A perfect hanging Denim cloth in a store seems like magic. But it’s much more than that. Because it has the same story as an apple or a rose which needs many human toils to bloom then poof!
This proofing journey of a denim deal is needed sustainability in terms of transparency about products. So brands and retailers are collaborating their efforts from cotton cultivation to worker welfare by ensuring visibility and tracking of components—including fibers, dye and trims to assist upstream partners in proving provenance and quality.
Because the anatomy of jeans includes numerous components, from the fabric to trim such as thread, zippers, buttons and rivets. And each of these elements comes with its potential reputational risks.
So the customers want to track the journey of denim from the farm to the closet hoping to restore the inherent value by removing the magic with appreciation. And hopefully, build some trust along the way.
Digital traceability is the solution to inform users about the whole action of chains. Its ability, together with transparency, conceptualized as an internal decision and assisted by cross-sector collaboration are found to be necessary to achieve sustainability.
Extensive auditing is necessary to ensure that the information corresponding to the microscopic particles is accurate. Still, this solution depends on the potential to make significant changes in circumstances of greenwashing trends and sustainable products.
For that instance, the Denim Deal is attempting to address the issue by promoting a circular economy in the denim industry to get members from all across the value chain to work towards the use of recycled textiles. Having a new standard of incorporating at least 5% of recycled material into every pair of jeans produced within the Denim Deal’s network.
Traceability also comes into play after the consumer’s purchase. Here traceability is the lodestar of a transparency initiative. It is a way of organizing information of the earthly resources, the vast human effort and ingenuity it takes to create even something so small.
It is estimated that even if only 20% of jeans are made out of recycled cotton, the whole process will save up to 750 liters of water per pair of jeans. So the Denim fashion is facing serious environmental challenges. It is found that 8,000 liters of water are needed to produce a pair of jeans where only 63% of production worldwide ends up being sold. In addition, only .1% of discarded material is reused in high-quality applications.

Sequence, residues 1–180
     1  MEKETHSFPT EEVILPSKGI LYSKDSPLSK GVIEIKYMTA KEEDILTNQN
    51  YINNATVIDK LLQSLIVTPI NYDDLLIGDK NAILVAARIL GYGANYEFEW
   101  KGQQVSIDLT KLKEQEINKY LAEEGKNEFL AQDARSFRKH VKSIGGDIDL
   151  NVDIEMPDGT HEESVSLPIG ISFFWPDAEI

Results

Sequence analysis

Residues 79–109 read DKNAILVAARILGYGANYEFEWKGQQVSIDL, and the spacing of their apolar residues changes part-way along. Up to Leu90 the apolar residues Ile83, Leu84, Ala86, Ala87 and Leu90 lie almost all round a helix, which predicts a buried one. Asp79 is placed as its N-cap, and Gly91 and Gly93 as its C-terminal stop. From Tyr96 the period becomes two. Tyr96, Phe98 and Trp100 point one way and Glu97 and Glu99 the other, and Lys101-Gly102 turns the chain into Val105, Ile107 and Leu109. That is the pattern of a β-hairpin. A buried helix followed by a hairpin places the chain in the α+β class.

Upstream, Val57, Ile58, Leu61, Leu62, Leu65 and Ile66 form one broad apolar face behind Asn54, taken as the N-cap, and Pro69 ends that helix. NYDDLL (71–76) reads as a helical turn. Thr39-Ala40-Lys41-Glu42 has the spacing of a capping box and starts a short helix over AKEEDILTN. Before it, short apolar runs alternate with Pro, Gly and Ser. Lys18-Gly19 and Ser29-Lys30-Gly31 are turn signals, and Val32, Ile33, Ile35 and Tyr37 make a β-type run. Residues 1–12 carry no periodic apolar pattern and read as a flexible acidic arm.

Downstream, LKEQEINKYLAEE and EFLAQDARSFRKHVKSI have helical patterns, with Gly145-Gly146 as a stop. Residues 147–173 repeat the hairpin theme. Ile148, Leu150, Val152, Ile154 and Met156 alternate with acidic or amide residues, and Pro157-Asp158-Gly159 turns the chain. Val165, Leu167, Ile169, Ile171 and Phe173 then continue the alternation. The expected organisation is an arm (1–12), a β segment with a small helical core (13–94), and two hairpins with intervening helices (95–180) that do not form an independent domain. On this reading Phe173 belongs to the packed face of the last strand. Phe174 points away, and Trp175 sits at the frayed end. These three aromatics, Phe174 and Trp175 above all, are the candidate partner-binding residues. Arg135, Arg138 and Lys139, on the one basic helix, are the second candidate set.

Certainty about what components are in a pair of jeans allows the garment to be recycled more easily and effectively. As circularity enters the mainstream, there is potential for suppliers to try to pass virgin materials off as recycled inputs. Combatting this, traceability validates that recycled materials are genuine.
Labels can nominate suppliers and then prompt them to avoid chemicals on the restricted substance list and adhere to their corporate social responsibility guidelines.
Last year, Lane Crawford debuted sustainable fashion popping with a social impact initiative to ensure responsible habits. In partnership with blockchain-powered Lablaco, each garment offered a scannable QR code where a fully traceable history – from who previously owned the garment, where it has been worn, the environmental impact of the purchase and a digitized note from the original owner. It comes as more consumers are growing aware of the ecological consequences of fashion.
Dutch Cleantech Company has taken an initiative partnered with The Movement with its blockchain traceability solution app Aware.
Aware’s nanoparticle technology comes into play in proving that the final jeans products are made out of recycled material. More specifically, Aware can trace the origins of the cotton used in production. It claims to be the first technology in the world to trace recycled cotton.
CertainT® platform tags test and tracks raw materials such as cotton and lyocell through each stage of production— from spinning to dyeing, weaving and cut-and-sew assembly. Materials are tagged with a unique molecular tag and products can later be forensically tested using a portable device at the yarn, greige or finished product level to verify their legitimacy.
This added traceability is a valuable advantage for communications of a product with the consumer by touching the lives of many people: those who grow the fiber and produce the yarn, fabrics, trims, and zipper.
Transparency starts with a Fabrication Facts tag. Though some thinkers opine that it’s not good for business to provide so much information to customers but it’s the only way to do good business.